Türkiye has not only expanded its influence within its region but also within international alliances. Albeit never a typical member of NATO, Türkiye has only become more atypical and contentious in the past few years. For example, there were many questions about the integrity of Türkiye’s election this year, and there were reports of Erdoğan imprisoning journalists who spoke out against him.  Türkiye is one of the few countries in NATO that is only marginally democratic.

Erdoğan has always been careful to avoid or minimize leaders who are too outspoken about his autocratic regime. This posture has resulted in Türkiye blocking specific actions within NATO in the past. For example, Türkiye blocked actions by NATO to end support for the Syrian Democratic Forces and increase pressure on The Kurdistan Workers' Party. However, Türkiye’s blockage (and final relent) to allowing Finland and Sweden to join NATO has been more contentious and more calculated than past disagreements.  Erdoğan repeatedly leveraged Türkiye’s  dissent to convince the United States to sell the country F-16s and used both the sale of F-16 and his rhetoric against Kurdish populations in Sweden to help him win the 2023 election. This is particularly concerning within the alliance because of NATO’s consensus decision-making mechanism, which requires every member to approve important decisions and consequently allows Türkiye to hold the alliance hostage and require NATO to “buy” the outcome it wants. This tactic could drastically undermine the effectiveness of any decision-making within the alliance, which is a fundamental protection of democracy internationally. NATO’s ability to respond to conflicts quickly (like the Ukraine War) could be undermined in a world where an authoritarian actor is actively working against the alliance. More perceptually, NATO’s credibility is weakened when the alliance fails to function cohesively. That perception of democratic failure impacts democratic strength internationally.

Given its contradictory web of alliances, Türkiye also often plays an arbiter role, allowing the country to assume a leadership role that would normally fall to democratic superpowers like the United States or the United Kingdom. This dynamic can be seen in Türkiye’s role in the Ukraine conflict: the NATO negotiator that can work with both Ukraine and Russia. It also makes it more difficult for the United States to enhance security cooperation with EU allies because NATO cannot be efficient in approving actions. Furthermore, Türkiye cannot act as a reasonable, unbiased actor when the country is often involved in stoking conflict abroad, as in Syria and Iraq. This easily could lead to a future where Türkiye has commitments to both the US and Russia in a conflict somewhere like Syria. In this situation, Türkiye would have to choose sides, which could inevitably cause more conflict to break out.

Türkiye has been the only member of NATO to refuse to impose sanctions on Russia for the entirety of the Ukraine war and, at the same time, has started to import gold from Russia, which is also exporting gold to China and the UAE. This import agreement unites US allies with US enemies to pose a unique threat. It also allows Türkiye to play both sides, maintaining NATO membership while simultaneously building an anti-Western alliance.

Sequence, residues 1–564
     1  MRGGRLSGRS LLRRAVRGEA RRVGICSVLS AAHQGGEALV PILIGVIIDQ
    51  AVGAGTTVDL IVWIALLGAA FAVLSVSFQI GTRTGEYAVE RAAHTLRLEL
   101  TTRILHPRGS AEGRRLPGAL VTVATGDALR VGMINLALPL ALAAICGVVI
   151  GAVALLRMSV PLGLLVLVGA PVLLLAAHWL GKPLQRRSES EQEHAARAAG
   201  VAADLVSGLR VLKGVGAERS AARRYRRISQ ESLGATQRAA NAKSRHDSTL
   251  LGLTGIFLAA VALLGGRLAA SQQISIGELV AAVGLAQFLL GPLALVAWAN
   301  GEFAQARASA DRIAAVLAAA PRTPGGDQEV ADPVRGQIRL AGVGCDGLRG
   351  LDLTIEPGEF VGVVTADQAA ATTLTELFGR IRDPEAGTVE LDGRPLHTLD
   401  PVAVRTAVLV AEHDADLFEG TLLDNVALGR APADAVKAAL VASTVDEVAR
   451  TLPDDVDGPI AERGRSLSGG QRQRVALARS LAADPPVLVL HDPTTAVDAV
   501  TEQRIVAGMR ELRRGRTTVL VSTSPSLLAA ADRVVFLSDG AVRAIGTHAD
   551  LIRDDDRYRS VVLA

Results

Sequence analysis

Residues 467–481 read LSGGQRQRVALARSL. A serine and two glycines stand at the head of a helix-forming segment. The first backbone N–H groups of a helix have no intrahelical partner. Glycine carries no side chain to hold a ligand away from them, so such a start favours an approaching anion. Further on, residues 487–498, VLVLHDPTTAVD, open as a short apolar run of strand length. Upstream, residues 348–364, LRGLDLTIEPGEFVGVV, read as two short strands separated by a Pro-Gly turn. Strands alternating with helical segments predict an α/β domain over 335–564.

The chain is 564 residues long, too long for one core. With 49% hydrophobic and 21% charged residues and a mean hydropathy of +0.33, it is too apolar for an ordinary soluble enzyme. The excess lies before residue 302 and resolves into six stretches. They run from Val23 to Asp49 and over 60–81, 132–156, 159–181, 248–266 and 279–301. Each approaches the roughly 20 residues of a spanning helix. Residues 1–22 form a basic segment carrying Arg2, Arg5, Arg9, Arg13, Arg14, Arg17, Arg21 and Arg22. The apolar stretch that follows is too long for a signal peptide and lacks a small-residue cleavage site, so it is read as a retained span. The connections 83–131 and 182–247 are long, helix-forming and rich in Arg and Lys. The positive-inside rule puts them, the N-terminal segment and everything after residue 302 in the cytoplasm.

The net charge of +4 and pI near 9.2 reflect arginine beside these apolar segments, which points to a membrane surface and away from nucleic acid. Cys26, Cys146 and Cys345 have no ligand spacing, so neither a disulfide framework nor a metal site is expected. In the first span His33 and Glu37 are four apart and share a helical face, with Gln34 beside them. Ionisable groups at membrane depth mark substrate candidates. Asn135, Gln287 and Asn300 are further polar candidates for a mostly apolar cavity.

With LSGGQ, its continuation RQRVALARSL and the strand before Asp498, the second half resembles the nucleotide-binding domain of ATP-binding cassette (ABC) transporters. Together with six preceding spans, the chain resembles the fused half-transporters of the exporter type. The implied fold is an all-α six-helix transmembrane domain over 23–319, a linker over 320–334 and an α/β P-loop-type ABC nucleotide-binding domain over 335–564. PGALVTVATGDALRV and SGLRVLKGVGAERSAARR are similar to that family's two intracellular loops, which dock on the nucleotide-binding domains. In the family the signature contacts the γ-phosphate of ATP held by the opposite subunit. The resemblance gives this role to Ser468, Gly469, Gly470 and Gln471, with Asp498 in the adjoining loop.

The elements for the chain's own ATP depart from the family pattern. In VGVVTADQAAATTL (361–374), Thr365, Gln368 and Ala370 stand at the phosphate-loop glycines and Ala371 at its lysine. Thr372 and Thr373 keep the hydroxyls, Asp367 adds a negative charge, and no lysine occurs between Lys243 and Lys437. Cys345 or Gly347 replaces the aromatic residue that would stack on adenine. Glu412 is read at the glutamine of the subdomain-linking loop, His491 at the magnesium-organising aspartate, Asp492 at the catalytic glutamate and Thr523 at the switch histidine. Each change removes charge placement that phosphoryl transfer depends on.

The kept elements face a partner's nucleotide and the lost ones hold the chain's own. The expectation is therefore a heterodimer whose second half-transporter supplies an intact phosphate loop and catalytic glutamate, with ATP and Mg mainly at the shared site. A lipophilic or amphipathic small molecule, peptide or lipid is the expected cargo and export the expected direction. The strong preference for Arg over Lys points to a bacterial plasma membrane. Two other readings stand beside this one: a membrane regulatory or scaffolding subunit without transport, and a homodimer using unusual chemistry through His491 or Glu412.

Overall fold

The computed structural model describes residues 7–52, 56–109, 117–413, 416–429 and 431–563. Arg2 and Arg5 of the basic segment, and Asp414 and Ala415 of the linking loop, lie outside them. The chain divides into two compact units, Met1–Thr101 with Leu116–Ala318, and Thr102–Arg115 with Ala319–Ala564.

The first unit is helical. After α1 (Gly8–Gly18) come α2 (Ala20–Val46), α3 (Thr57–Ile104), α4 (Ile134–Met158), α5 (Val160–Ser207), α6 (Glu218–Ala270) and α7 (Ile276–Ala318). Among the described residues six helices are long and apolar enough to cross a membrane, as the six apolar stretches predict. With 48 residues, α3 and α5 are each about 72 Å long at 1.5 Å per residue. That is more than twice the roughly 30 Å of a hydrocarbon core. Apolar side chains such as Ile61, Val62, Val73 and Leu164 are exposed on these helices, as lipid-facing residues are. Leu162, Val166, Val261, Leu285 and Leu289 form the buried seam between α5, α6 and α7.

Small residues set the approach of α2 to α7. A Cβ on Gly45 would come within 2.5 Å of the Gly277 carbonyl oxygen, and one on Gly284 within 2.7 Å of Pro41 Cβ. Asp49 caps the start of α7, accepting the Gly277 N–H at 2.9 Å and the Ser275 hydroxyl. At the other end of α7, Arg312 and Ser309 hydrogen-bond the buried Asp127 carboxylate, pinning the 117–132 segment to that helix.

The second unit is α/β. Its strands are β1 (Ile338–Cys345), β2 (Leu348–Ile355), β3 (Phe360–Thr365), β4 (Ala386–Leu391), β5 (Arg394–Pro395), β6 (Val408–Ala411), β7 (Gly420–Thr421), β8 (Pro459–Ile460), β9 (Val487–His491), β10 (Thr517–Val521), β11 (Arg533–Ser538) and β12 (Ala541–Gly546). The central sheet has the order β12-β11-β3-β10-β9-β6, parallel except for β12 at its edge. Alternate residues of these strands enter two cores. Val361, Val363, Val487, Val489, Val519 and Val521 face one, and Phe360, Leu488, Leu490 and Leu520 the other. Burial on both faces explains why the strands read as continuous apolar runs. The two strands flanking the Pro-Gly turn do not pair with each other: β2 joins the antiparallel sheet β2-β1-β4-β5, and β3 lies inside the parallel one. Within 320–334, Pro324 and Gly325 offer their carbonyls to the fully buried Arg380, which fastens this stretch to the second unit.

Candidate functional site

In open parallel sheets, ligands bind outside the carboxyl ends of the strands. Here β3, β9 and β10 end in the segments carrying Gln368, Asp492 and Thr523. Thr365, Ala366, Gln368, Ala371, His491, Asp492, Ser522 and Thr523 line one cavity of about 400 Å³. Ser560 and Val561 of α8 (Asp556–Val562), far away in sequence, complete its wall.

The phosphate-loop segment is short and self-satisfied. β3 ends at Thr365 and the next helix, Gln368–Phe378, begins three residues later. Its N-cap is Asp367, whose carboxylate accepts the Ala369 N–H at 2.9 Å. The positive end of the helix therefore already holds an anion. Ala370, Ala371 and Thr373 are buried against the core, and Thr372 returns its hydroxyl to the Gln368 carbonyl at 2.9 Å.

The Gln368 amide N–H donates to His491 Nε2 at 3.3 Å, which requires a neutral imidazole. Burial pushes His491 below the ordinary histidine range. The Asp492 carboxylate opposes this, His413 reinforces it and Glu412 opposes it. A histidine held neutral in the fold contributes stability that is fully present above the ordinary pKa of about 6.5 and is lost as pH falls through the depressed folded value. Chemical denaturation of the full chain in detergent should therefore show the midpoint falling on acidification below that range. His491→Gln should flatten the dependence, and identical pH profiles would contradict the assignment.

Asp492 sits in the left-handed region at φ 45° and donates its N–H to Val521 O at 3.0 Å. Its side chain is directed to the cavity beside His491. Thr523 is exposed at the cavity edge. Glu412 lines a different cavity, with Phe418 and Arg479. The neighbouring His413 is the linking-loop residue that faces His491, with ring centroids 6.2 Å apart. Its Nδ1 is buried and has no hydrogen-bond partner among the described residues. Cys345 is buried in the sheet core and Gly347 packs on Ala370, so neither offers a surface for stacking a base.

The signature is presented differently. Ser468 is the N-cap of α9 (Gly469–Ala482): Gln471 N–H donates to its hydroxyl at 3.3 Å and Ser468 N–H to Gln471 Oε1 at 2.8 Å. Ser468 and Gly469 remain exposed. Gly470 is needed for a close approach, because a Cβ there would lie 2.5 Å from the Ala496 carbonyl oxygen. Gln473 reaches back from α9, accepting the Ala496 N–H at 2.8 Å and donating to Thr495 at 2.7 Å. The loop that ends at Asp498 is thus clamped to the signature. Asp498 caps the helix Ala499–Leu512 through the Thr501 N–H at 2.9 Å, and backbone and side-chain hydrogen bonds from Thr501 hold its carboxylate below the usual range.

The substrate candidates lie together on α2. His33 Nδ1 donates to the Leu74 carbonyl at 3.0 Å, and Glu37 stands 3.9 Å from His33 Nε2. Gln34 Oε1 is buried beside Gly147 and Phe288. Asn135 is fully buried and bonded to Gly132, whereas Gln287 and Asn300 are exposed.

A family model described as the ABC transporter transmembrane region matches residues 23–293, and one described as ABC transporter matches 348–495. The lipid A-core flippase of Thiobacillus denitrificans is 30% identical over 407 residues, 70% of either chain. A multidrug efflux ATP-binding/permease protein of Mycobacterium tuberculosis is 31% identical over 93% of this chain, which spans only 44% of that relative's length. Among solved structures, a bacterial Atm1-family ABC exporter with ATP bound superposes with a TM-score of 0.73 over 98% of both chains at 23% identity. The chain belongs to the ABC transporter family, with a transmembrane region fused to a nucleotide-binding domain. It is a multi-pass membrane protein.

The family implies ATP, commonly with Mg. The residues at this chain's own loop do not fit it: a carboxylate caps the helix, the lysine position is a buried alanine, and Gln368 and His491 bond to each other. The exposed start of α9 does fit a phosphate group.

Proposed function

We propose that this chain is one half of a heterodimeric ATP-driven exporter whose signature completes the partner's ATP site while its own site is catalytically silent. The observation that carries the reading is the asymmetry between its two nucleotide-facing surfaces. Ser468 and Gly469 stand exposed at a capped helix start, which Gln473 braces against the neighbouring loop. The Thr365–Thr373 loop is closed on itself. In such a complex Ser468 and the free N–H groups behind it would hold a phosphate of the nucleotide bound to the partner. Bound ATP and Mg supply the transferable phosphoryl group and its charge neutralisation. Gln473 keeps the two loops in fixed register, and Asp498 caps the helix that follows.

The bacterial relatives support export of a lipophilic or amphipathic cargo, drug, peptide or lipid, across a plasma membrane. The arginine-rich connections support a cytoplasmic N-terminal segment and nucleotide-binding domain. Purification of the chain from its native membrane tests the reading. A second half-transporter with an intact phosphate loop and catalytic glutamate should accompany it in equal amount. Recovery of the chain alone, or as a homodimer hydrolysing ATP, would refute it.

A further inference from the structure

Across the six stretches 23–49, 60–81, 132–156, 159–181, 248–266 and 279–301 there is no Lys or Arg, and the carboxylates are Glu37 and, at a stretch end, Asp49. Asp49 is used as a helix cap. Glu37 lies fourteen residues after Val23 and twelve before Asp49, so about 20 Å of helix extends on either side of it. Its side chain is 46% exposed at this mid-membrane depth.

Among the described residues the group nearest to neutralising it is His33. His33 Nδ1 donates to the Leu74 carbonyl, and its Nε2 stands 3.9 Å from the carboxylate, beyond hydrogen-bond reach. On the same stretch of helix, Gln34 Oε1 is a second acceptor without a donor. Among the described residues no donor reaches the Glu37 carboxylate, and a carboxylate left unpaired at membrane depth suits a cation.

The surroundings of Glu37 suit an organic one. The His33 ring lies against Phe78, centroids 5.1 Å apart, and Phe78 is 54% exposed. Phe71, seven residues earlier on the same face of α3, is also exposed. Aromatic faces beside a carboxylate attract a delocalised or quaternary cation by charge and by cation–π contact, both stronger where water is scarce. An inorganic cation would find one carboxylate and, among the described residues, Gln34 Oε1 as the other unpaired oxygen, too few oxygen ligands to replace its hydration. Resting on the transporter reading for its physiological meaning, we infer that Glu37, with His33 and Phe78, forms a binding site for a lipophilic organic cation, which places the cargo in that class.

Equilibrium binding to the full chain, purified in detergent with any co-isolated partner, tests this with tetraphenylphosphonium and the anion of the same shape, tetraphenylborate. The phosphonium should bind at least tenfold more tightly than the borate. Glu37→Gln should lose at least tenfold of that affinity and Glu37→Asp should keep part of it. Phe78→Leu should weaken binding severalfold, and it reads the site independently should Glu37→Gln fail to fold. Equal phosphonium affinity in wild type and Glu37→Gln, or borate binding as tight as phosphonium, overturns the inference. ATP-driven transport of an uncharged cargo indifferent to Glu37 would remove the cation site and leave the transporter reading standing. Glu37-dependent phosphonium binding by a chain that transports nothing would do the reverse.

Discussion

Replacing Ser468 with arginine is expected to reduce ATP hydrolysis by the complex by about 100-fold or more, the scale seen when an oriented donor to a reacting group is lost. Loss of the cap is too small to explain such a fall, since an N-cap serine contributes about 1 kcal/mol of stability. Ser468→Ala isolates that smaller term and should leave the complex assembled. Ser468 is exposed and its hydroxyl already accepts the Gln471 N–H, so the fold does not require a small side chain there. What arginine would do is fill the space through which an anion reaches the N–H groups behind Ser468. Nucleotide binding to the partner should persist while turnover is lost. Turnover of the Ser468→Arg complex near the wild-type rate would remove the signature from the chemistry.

Looking Ahead: How Should the West Respond?

So, with all of the dangers that Türkiye’s contradictory international strategy poses to democratic nations globally, the question of what the United States and its allies can do to prevent Türkiye’s continued increases in (and abuses of) power is essential. Unfortunately, there is no simple answer. Türkiye has maneuvered all NATO countries into a precarious corner in which punitive measures could cause Erdoğan to sabotage any future NATO action.

However, even though Türkiye is currently a major player in the international sphere, the country still has intense domestic problems, both culturally and economically. Türkiye faces an inflation rate of about 40 percent, and armed Kurdish forces continue to fight the Turkish military. Even though Erdoğan won the 2023 election, the threat of collapse, both within Türkiye’s economy and internal cultural disputes, should be enough to keep him in relative check if the United States and its allies can effectively leverage these domestic problems to contain Türkiye. For instance, these countries could stop significant arms sales to Türkiye. Erdoğan uses these sales to become more popular domestically, and the United States cutting them off could deal a considerable blow to his popular support. This solution would need to be done with clear justifications and in a gradual manner to ensure that Türkiye does not derail NATO in response.

As long as Erdoğan continues on Türkiye’s current foreign policy path, he will not only undermine Western power but also exploit and exacerbate tensions between the Middle East and the West and incapacitate NATO as a crucial bulwark of democracy worldwide. The danger of Türkiye’s power lies in its ability to change stances and play all sides, which is apparent both in the country’s Middle Eastern policies and its actions within NATO.  The United States and its allies must recognize this threat and act accordingly. Without concrete actions, a level of unprecedented power will continue to grow in Erdoğan’s Türkiye.